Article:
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Around 350,000 people live with type 1 diabetes in Germany. Their pancreas no longer produces insulin, so they have to regularly monitor their blood sugar (glucose) levels themselves and either take insulin by injection or by pump. It is important for them to keep their glucose levels as close to the target range as possible, otherwise the diabetes will eventually cause damage to blood vessels and organs.

Automated insulin delivery (AID) systems – also known as closed-loop or artificial pancreas systems – make life easier for people with diabetes. A sensor measures glucose levels in tissue every five minutes, and an algorithm uses both this information and data from the insulin pump to calculate changes in glucose levels and then automatically adjusts the insulin dose. Such systems are seen as the future of personalized and precision diabetes care.

We are not waiting!

“The first commercial AID systems are now available and can be prescribed by a doctor,” explains Dr. Katarina Braune, a pediatrician in the Department of Pediatric Endocrinology and Diabetes at Charité – Universitätsmedizin Berlin and a participant and speaker in the BIH Charité Digital Clinician Scientist Program. “But new medical devices usually take a long time to get approved, so they often lag several years behind current technological capabilities. People with diabetes who program and use open-source solutions for automated insulin delivery (AID), a practice that began in 2014, have therefore made their motto ‘#WeAreNotWaiting.’” Along with colleagues, Braune co-leads the EU-funded OPEN project, which is scientifically examining open systems, and is the first author of the consensus statement now being published. The pediatrician not only cares for children and adolescents with diabetes, but has also been living with type 1 diabetes herself since the age of 12 and currently uses an open-source AID system.

An international community of people with type 1 diabetes and their families have developed what are called open-source AID systems. They have added a self-programmed software control algorithm to their existing insulin pumps and glucose sensors. The software algorithm resides on either a smartphone or mini-computer and communicates with the insulin pump via Bluetooth or radio waves. The developers make the software algorithms available open source and free of charge, and also explain how to set up and customize the them. In addition, a steadily growing online community of diabetes patients and their loved ones offers mutual support. Thanks to the large community of users and developers, the systems are always up to date with the latest technology.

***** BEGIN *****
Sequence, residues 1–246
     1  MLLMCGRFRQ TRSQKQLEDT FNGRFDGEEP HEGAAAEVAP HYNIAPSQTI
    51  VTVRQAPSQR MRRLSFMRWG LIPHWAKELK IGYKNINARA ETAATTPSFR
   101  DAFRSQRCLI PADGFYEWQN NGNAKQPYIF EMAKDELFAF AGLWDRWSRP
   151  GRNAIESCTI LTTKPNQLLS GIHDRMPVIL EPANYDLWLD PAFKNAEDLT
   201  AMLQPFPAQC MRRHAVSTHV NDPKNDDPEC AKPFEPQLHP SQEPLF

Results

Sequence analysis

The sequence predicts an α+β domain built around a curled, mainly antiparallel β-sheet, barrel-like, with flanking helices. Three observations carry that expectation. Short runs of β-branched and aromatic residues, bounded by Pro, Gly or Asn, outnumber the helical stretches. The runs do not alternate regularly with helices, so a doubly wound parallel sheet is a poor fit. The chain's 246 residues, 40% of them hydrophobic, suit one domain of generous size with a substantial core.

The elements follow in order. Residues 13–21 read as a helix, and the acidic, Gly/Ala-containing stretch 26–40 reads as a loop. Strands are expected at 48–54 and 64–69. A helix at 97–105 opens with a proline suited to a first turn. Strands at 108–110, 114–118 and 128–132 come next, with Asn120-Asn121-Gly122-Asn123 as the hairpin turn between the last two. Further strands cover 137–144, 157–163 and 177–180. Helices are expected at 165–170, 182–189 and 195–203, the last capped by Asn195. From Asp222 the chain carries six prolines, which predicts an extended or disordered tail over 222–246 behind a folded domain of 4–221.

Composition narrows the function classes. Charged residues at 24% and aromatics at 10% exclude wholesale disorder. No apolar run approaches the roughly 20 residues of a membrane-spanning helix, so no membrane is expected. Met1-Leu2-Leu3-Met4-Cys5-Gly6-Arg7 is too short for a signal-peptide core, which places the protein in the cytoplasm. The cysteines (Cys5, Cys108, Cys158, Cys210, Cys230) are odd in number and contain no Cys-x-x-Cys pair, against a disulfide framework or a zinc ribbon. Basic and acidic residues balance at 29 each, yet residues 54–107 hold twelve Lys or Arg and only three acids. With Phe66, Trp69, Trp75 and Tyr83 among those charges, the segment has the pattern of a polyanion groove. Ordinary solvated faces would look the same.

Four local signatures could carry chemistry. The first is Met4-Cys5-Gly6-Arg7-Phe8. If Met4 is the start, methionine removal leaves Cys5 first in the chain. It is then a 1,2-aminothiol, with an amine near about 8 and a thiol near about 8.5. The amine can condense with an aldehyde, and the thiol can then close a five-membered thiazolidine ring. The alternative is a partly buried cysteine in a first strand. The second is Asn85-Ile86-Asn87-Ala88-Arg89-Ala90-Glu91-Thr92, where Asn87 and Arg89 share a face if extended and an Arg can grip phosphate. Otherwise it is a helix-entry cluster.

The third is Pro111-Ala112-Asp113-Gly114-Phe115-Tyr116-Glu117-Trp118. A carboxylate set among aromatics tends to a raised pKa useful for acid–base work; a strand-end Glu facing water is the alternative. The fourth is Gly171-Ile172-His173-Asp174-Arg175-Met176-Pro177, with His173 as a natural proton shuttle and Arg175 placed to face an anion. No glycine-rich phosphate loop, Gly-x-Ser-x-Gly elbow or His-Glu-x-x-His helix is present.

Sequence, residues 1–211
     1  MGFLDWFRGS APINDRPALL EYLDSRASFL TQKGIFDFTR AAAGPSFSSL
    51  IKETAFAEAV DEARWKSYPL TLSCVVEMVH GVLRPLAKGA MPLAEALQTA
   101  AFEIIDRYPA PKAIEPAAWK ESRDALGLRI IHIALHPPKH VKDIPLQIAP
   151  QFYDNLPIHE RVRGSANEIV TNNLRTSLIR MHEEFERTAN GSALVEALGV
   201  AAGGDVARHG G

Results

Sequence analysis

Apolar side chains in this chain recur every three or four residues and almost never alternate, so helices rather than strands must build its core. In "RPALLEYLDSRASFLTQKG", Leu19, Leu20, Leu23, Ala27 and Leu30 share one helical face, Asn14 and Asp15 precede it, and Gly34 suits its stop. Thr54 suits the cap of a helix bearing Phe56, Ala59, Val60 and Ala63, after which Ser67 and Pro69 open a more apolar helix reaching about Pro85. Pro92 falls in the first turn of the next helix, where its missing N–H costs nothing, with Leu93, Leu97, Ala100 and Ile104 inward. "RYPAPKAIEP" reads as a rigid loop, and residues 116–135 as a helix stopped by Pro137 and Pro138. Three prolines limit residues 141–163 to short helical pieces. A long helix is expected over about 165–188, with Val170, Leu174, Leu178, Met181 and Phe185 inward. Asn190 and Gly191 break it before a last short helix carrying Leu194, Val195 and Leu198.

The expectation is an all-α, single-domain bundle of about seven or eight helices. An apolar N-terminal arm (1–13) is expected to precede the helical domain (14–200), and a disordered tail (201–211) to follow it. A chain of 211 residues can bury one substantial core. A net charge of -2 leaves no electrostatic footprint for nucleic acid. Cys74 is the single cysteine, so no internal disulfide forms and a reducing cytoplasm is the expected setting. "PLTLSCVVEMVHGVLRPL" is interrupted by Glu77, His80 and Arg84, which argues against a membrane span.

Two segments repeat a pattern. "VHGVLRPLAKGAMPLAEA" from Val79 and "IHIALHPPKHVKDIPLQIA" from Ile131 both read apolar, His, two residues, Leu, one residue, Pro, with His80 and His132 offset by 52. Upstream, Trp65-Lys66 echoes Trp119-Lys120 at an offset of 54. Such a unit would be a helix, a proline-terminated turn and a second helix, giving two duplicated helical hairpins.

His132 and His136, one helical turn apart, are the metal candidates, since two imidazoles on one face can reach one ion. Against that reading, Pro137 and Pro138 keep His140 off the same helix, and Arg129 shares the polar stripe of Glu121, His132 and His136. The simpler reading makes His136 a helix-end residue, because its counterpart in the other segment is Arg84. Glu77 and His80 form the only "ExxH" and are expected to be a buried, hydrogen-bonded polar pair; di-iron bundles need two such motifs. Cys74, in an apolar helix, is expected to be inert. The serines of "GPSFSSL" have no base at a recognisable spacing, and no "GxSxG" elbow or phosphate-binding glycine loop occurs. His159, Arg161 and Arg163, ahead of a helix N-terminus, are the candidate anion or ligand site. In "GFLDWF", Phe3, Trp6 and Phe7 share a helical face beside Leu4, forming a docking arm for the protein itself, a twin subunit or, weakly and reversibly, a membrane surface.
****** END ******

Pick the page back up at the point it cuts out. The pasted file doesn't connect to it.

Improved quality of life thanks to artificial pancreas

Well over 10,000 children and adults with diabetes worldwide are already using DIY systems and report that their quality of life has improved since they started using an open-source AID system. They sleep better because they are less likely to be woken up by nighttime alarms; they feel better because they are much less likely to experience severe glucose fluctuations; and they keep their glucose levels within the recommended range much more often, which could reduce the risk of secondary diseases. “Initially these were just personal anecdotal reports in social media,” Braune reports. “Hardly any comprehensive scientific studies had been done. We wanted to change that with the OPEN project, which is led by people with diabetes and investigates the #WeAreNotWaiting phenomenon in an interdisciplinary way.” The EU has been funding the OPEN project (www.open-diabetes.eu) since 2019.

No regulatory approval

Everyone who uses an open-source AID system sets it up at their own risk and according to their personal needs, so regulatory authorities have not given official approval. This may be good for users, but healthcare professionals face the difficult question of how to provide medical care to individuals using these non-approved systems. “That prompted us to prepare an international consensus statement with guidelines for healthcare professionals on how they can best support patients,” Braune reports. Some 48 experts in medicine and law from a total of 25 countries contributed to the OPEN project’s consensus statement. The experts also had practical experience with open-source AID systems. The statement provides a review of the current evidence, description of the technologies, and discusses the ethics and legal considerations for these systems from an international perspective, thus providing an international healthcare consensus supporting the implementation of open-source systems in clinical settings, complete with detailed clinical guidance. The consensus statement has already been officially endorsed by nine national and international diabetes organizations (ADCES, CDS, FSDS, DES, DTN, IDF Global, IDF Europe, ISPAD and VDBD).

“We hope that through our OPEN project and the now published guidelines, we can help to eliminate any uncertainties that may still exist about the use of these systems,” Braune hopes. “Because the study’s results prove we are right.”

The complete consensus statement can be found in the January issue of The Lancet Diabetes & Endocrinology under DOI 10.1016/S2213-8587(21)00267-9.



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